Hit with the no-decision while his ERA on the season dipped down to a nice 4.69, Porcello will look to build on his first quality outing of June in his next time out, which should come against the Minnesota Twins.

In relief of Porcello, Brandon Workman came on with one out to get in the seventh and stranded the inherited runner at first by punching out Ronald Guzman on four pitches.

The eighth inning for Workman though, well, that was a different story, and it started by him plunking Choo with one out in the inning.

A successful sacrifice bunt off the bat of the speedy Delino Deshields Jr. that was misplayed by Christian Vazquez on a poor throw to first put runners in scoring position for Texas.

A sacrifice fly from Andrus two pitches later allowed Choo to score from third, and this contest was knotted up at three runs a piece.

Fortunately for Boston, unlike some recent nights have gone, Workman escaped the eighth with the tie still intact, and that would turn out to be the last run surrendered by a Red Sox pitcher.

That being the case because Matt Barnes maneuvered his way around a two-out walk in an otherwise clean ninth to set up the walk-off shortly thereafter.

On the other side of things, the Red Sox lineup was matched up against a fairly familiar opponent in Rangers right-hander Lance Lynn, who came into Wednesday with a solid track record in three prior appearances at Fenway Park.

Staring the scoring for Boston following a two-run first for Texas was Rafael Devers, whose two-out RBI single plated Andrew Benintendi from second to cut that deficit in half immediately.

Fast forward to the third, a leadoff walk drawn by Jackie Bradley Jr. almost went in vain before Andrew Benintendi drove him in with his second of three extra base hits on the day, this one a two-out RBI triple to pull his team even with the Rangers at two runs each.

In the fifth, it was more of the same from Benintendi, as the Sox outfielder worked some more two-out magic and drilled an RBI single on the first pitch he saw from Lynn, an 80 MPH curveball on the lower half of the strike zone, to advance Michael Chavis from first all the way to home to pull ahead of the Rangers by one run at 3-2.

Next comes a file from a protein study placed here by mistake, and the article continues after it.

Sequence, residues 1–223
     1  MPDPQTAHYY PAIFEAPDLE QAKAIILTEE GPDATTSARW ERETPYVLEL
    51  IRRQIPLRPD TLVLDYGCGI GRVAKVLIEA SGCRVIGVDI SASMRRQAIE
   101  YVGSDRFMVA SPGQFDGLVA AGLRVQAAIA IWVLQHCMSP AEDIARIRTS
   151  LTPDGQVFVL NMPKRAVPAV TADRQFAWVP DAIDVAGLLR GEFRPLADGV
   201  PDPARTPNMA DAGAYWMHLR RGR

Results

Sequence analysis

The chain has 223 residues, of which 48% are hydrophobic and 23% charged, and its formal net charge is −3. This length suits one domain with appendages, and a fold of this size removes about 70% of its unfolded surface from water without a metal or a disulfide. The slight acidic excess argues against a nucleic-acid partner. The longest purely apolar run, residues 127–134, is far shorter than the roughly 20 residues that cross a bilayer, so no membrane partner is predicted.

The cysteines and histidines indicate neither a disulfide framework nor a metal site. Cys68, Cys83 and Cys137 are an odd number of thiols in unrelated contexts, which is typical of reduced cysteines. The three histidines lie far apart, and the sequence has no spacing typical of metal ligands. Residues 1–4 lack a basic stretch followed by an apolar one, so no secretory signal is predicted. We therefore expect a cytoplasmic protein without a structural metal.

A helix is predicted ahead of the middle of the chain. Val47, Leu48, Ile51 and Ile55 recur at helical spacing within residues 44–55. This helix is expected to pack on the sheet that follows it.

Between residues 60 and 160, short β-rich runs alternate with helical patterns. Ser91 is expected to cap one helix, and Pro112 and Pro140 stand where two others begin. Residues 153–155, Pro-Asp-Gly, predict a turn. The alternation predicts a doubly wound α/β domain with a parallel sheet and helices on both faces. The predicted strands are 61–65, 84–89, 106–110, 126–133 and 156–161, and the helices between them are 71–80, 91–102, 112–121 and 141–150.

And in the ninth, after Texas plated their third run in their half of the eighth, it was down to the bottom of the Sox order against right-hander Jesse Chavez.

Christian Vazquez kicked off the late push by lacing a leadoff ground-rule double into Boston’s bullpen, and he was subbed out for the quicker Marco Hernandez as a pinch-runner.

One Bradley Jr. bloop single to move Hernandez up to third and Michael Chavis walk later, Mookie Betts came to the plate with the chance to send his side home victorious with the winning run just 90 feet away.

With nine previous meetings against Chavez under his belt, Betts hardly had to do anything in this particular at-bat, taking four straight balls following a first pitch foul to draw the walk and plate Hernandez from third.

Red Sox walk it off in anticlimactic fashion and snap their three-game skid with a 4-3 win.

Some notes from this win:

Andrew Benintendi in June: .333/.378/.571 with five doubles, one triple, one home run, and five RBI.

JD Martinez struck out four times Wednesday, the first time he’s done that in a game since the 2015 season.

Next up for the Red Sox, it’s the finale of this four-game series Thursday night before the team embarks on a two-city, six-game road trip.

Left-hander David Price will get the ball for Boston in the fourth and final contest, while right-hander Adrian Sampson will do the same for Texas.

Both starters have been stellar for their respective clubs recently, with Price posting a 1.13 ERA over his last five starts and Sampson posting an ERA of 1.99 over that same span, including a complete game four-hitter in his last time out against the Oakland Athletics.

In 15 career starts against the Rangers, Price is 4-6 with a 5.63 ERA over 84.2 total innings pitched.

Sampson, meanwhile, has not faced the Red Sox since he made his big league debut with the Seattle Mariners back on June 18th, 2016, where he allowed four runs in less than five innings in a losing effort at Fenway Park.

First pitch Thursday is scheduled for 7:10 PM EDT on NESN. Red Sox going for the split.

Go Bruins.

 

 

 

Rick Porcello, Red Sox Have No Answer for Yonny Chirinos in 5-1 Loss to Rays to Snap Four-Game Winning Streak

Coming off a 4-2 road trip that was capped off by a three-game sweep of the Kansas City Royals, the Red Sox entered the weekend with the chance to gain some serious ground in the American League East, and they came out completely flat in their first go at it, falling to the second-place Tampa Bay Rays by a final score of 5-1.